OVER the years, there has been a lot of controversy over whether or not stretching before a workout in order to prevent injuries is beneficial. Many experts and professionals from different fields will say that it does in fact help prevent injuries from occurring while others will disagree.

A case study done at McMaster University published in the Clinical Journal of Sport Medicine concluded that “stretching had no effect in reducing injuries.” The results from a study by The Centers for Disease Control and Prevention also sug- gested that “stretching before exercise does not reduce the risk of injury.”

While many experts have concluded that stretching may not reduce the risk of injury, stretching does have other benefits whether you are a fitness enthusiast or not. In fact, stretching at any time during the day is beneficial to keep the flow of circulation going, especially if you are at a job that keeps you in the same position for a long period of time such as sitting in front of a computer.

As a personal trainer and an athlete with a martial arts background, I have always used stretching to assist me with my flexibility and decrease my muscle soreness, thus improving my overall performance.

Whether you are a fitness newbie or a seasoned vet, stretching improves flexibility, loosens tendons and muscles, improves your range of motion at your joints, increases performance and helps the flow of circulation. Before stretching, be sure to spend five minutes doing a gentle warm-up to get the blood flowing.

What muscles do we need to stretch?
As you would with a strength training routine, you must design a stretch routine to focus on your imbalances. Over time, improvements in your flexibility and range of motion will also improve your athletic performance.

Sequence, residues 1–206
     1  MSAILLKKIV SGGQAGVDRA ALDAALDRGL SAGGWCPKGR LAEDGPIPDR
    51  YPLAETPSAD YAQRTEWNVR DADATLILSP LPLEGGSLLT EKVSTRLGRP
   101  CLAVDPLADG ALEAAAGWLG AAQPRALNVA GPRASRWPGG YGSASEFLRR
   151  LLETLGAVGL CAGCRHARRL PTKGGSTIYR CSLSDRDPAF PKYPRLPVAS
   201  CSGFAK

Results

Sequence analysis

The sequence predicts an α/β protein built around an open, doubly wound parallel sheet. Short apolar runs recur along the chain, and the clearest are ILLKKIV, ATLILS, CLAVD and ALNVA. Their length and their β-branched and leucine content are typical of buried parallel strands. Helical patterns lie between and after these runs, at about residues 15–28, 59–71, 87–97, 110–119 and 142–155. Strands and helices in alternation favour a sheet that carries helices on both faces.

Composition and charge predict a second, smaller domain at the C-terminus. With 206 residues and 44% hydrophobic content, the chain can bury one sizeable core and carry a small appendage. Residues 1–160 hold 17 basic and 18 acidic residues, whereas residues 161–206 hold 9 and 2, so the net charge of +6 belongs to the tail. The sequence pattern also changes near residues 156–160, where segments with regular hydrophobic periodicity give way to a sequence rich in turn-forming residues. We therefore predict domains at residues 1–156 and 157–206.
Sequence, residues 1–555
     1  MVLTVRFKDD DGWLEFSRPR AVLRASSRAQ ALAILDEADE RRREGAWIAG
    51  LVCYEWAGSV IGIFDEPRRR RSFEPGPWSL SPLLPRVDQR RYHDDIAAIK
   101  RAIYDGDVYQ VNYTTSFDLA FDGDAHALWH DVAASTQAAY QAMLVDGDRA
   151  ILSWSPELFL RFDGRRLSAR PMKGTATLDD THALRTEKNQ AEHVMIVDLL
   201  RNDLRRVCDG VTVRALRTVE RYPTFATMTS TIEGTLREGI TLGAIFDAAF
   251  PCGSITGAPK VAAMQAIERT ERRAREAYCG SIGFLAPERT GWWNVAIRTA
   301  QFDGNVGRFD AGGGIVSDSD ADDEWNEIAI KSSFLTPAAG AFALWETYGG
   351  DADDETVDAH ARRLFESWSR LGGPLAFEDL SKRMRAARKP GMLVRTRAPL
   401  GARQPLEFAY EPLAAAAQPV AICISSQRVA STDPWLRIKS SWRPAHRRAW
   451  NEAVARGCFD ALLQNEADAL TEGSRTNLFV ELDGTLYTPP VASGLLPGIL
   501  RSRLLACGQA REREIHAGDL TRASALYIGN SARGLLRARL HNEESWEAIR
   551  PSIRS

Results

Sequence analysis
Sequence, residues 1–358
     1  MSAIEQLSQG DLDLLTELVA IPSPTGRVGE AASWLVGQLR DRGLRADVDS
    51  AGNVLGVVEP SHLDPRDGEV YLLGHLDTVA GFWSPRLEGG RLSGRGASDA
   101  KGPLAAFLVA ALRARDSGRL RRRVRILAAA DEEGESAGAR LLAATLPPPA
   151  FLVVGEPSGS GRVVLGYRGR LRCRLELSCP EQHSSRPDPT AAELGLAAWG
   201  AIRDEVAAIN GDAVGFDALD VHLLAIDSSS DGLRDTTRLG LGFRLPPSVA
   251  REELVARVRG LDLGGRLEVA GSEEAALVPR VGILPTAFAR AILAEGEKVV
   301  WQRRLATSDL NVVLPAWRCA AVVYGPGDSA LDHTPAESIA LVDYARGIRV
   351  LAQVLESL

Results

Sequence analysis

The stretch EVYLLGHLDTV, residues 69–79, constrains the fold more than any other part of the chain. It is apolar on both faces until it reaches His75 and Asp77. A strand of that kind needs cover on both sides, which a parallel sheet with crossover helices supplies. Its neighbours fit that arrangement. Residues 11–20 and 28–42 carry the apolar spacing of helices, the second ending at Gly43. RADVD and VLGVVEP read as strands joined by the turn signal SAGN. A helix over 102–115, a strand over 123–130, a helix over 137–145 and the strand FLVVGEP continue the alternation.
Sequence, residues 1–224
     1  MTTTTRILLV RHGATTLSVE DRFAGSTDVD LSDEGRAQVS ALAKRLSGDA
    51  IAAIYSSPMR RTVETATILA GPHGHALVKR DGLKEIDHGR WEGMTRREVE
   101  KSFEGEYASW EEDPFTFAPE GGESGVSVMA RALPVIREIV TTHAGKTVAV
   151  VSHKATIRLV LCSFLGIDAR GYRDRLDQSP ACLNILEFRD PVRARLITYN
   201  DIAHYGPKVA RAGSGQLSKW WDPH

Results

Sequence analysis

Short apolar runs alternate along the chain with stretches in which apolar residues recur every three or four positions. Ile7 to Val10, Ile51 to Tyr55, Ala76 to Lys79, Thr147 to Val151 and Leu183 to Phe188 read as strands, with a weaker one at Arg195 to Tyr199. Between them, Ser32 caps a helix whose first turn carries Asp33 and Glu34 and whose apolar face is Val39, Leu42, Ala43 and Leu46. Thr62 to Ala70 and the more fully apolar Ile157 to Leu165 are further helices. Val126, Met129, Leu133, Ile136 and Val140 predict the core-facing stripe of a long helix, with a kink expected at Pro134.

Tailor your stretches to the activity or sport you are doing. Divide your stretching routine into upper and lower body movements. Focus on larger muscles such as the chest, back, arms, and shoulders to target the upper portion; and the glutes, hamstrings, quadriceps and calves to focus on the lower half.

Remember, not all stretches are the same. You can maximize your workout by pairing it with one of the proper stretch techniques below:

Static stretching: Hold the stretch for anywhere from 10 seconds to 60 seconds. Although this stretch is great for a post- workout routine, it is also a great type of stretch for moving exercises such as jogging and running. Stretching out the muscles you are going to use and holding them will loosen the muscles and tendons needed to perform an exercise that requires more endurance.

Dynamic stretching: Stretches that mimic the exercises you are about to perform: Chest stretch, air squats, arm circles, etc. This stretch technique is better used for strength and conditioning exercises such as weight lifting.

Tips to remember while stretching

Do a gentle warm-up first.
Hold each stretch for 10–60 seconds.
Stretch to just the point of discomfort.
Stop stretching if you are feeling any discomfort or pain during the stretch.

Do not hold your breath while stretching; exhale slowly. As always, if you have any health concerns, consult with your doctor about the most appropriate way to stretch. Z

Author: Nichelle Laus is the owner of Optimum Training Centre in Toronto, Ontario. A fitness and cover model, Figure and Bikini competitor, competition preparation and transformation coach for Team Laus (nichellelaus.com), she is a certified personal trainer, and kickboxing and kettlebell instructor. She is also a motivational speaker and proud mom of four boys under the age of eight. She loves to teach and inspire others that you can do anything if you want it bad enough. She has a been a regular contributor to Optimyz for several years.

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